Featured writer: Annie Cosby
If you ever find yourself near the southern end of the French-Italian border, you absolutely cannot leave without a day trip to the medieval town of Èze (pronounced “ez”). Halway between Nice and Monaco, it’s only minutes on a bus from either locale to this breathtaking eagle’s nest of a village – and the bus ride is part of the fun!
Now, Èze is a commune (in the French sense, not the communist sense) on the French Riviera, also known as the Côte d’Azur. But there are several Èzes within it – the specific part you’re looking for is Eze-Village. (You don’t want Eze-sur-Mer. Make sure you get on the right bus! It’ll be the one with all the tourists.)
Which brings me to my Warning: The village has been incredibly done over for tourists, which many adventurers frown upon – frequently including myself. But in this instance, that doesn’t justify skipping this haven in the clouds! That does mean, however, that the cafes, hotels and restaurants in the village are wildly expensive, so budget travelers (like myself) should take care to eat before arriving. And maybe bring along a water bottle, because you’re only going one direction: UP!
Note: There are hiking trails around Èze, which I hear are wonderful. I wouldn’t know. Climbing the village steps was hiking enough for us!
Èze is perched on Mount Bastide, which has supposedly been inhabited since around 2000 B.C. (Holy shit, man!) Celto-ligurians and then Romans and then some Moors occupied the city, which was the target of numerous invasions due to its miraculous defensive position. (You can see everything from up there.) The House of Savoy had it, Turkish troops had it, everybody seemed to want Èze at one time or another. But it finally became a part of France, along with Nice, in the 19th century.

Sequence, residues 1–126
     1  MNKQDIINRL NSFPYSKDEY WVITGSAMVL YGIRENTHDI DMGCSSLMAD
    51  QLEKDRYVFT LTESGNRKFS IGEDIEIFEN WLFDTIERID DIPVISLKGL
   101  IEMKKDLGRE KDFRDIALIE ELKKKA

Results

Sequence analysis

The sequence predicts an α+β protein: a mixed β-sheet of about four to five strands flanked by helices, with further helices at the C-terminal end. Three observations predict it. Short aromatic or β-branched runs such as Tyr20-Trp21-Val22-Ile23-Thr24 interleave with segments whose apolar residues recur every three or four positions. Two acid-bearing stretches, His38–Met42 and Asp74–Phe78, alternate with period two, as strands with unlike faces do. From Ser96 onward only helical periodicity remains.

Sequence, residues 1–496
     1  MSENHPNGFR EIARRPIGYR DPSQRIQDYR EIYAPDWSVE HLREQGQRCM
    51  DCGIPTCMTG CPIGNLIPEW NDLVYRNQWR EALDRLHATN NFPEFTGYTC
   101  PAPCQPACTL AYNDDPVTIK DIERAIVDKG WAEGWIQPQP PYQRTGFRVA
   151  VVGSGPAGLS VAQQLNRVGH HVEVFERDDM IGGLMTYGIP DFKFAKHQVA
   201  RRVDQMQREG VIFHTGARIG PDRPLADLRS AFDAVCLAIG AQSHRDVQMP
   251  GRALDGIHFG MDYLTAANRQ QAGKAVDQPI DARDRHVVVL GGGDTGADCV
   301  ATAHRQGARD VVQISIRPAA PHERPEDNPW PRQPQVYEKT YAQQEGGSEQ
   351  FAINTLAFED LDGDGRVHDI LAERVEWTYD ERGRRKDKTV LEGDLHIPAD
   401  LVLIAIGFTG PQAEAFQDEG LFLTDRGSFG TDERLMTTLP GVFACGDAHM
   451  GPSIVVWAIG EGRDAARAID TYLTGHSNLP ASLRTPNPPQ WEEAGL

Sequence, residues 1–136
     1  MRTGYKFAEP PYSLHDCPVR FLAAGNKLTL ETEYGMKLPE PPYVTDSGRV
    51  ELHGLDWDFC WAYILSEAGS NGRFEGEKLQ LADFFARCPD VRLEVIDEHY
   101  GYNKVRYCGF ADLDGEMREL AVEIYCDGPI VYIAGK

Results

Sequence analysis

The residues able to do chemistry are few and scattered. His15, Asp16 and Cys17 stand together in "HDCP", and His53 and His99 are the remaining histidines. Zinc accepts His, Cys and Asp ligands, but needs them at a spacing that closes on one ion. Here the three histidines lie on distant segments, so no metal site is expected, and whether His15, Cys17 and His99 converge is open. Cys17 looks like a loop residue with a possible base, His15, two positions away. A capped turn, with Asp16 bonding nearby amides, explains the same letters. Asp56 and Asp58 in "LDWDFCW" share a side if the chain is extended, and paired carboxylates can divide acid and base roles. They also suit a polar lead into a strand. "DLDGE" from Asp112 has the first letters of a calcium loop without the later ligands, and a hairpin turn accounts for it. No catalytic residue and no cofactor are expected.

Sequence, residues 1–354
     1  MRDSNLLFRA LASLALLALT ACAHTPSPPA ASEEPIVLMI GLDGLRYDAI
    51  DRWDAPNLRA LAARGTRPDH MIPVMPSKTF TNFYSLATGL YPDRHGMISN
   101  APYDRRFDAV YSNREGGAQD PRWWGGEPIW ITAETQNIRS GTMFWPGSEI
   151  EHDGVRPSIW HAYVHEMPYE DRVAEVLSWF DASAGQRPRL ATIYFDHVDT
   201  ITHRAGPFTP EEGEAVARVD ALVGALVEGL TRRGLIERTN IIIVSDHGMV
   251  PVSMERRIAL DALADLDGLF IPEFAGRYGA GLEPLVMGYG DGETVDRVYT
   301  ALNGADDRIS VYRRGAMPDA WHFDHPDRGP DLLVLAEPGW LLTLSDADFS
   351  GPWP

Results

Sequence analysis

As I mentioned earlier, Èze has been restored for tourists to a pristine condition it probably never experienced before the tourist dollars started rolling in. The French Riviera as a whole was actually an impoverished region up until it became popular with the upper-class British as a health destination in the late 18th century.
The streets of Èze are extremely narrow. Donkeys were used for transporting everything into the city.
Get lost in the maze that is Èze!
The chapel is the oldest building in the village. It’s called the Chapelle de la Sainte Croix, and is really interesting in its own right. (It was built in 1306 and the religious people that tended to the plague victims gathered here.) But my favorite part of it was its memorable sunny yellow!
Now, you can wander Èze and explore the souvenir shops, perfumeries and art galleries for hours, but the main attraction is the Jardin exotique d’Èze.
We wandered up there, at the very top of Èze, only to be confronted with a turnstile and entrance fee.
My general travel philosophy is “Entrance fee? No thanks.” But my traveling partner was a student, thus earning a price reduction, and I paid in because I didn’t want to miss out on anything.
And so I’m here to tell you: Pay the damn fee! It’s worth it!
The garden is built where the old 12th-century chateau ruins stand, over 400 meters above the sea. That’s 1,300 feet! That’s more than 2 St. Louis Arches. That’s just shy of the Empire State Building. That’s way taller than the Statue of Liberty. (Which is disappointingly small. Post on that issue to come.) But back to Èze – it’s higher than the Eiffel Tower!
The heights were a bit daunting at first. The wind was really, really strong up there, and all that separates you from 400 meters is a measly railing.
As you can see, the place is stunning. They say Nietzsche, Walt Disney and the Grand Duchess Anastasia all visited the village. (True? I have no idea.)
I don’t think anything I can say will beat the view. So enjoy Èze!